Oxadiazon (Ronstar equivalent) is a great granular option – safe in all turf and ornamentals.
Once you have purchased your product simply follow the instructions on the product label that is attached to the bag/container. If you have questions or want the latest tips on turf grass in Texas the Texas A&M Agrilife Extension program can help either online or by phone. To improve your results you may consider making a spilt application of the herbicide. This involves making two applications at 50% of the recommended product rate. This allows one application early in the season and a second several weeks later to offer a larger window of control without over applying the active ingredient of the herbicide. If you are making a granular preemergent herbicide application here is a quick reminder of how to calibrate your rotary spreader.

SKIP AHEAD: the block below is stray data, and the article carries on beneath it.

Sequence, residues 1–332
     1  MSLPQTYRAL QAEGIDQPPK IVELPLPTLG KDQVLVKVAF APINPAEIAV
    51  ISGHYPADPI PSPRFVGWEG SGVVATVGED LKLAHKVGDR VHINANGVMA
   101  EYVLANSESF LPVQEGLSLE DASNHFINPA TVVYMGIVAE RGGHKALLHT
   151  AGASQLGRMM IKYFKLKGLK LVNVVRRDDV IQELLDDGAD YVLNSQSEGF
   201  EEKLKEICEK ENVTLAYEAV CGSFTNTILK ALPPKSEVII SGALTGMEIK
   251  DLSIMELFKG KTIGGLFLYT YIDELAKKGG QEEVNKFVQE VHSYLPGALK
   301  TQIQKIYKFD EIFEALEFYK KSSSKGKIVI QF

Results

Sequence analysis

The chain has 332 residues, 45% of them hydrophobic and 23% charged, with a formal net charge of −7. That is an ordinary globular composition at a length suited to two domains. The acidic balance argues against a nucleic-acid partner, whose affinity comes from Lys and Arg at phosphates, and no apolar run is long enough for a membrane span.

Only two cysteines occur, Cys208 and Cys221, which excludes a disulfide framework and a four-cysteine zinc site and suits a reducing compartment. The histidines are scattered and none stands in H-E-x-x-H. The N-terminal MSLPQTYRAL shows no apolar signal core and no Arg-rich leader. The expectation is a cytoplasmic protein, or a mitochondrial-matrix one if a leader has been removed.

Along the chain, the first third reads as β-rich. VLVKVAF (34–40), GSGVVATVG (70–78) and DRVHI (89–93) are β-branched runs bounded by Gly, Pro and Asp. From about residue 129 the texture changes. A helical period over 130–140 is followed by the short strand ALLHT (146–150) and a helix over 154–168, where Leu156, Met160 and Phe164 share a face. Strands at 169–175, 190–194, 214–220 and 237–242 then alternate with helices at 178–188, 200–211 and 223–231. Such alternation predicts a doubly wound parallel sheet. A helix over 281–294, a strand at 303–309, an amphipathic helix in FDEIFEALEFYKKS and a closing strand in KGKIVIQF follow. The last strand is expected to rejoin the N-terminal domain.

How to calibrate a rotary spreader
Determine the amount of fertilizer/product needed for 100 sq. ft. For example, the fertilizer bag weighs 50 lbs. and covers 10,000 square feet per the label recommendation
Place this amount in the spreader.
Mark off the area. For a rotary spreader, use a 10-foot by 10-foot area (100 sq. ft.).
Apply using the suggested label setting to the test site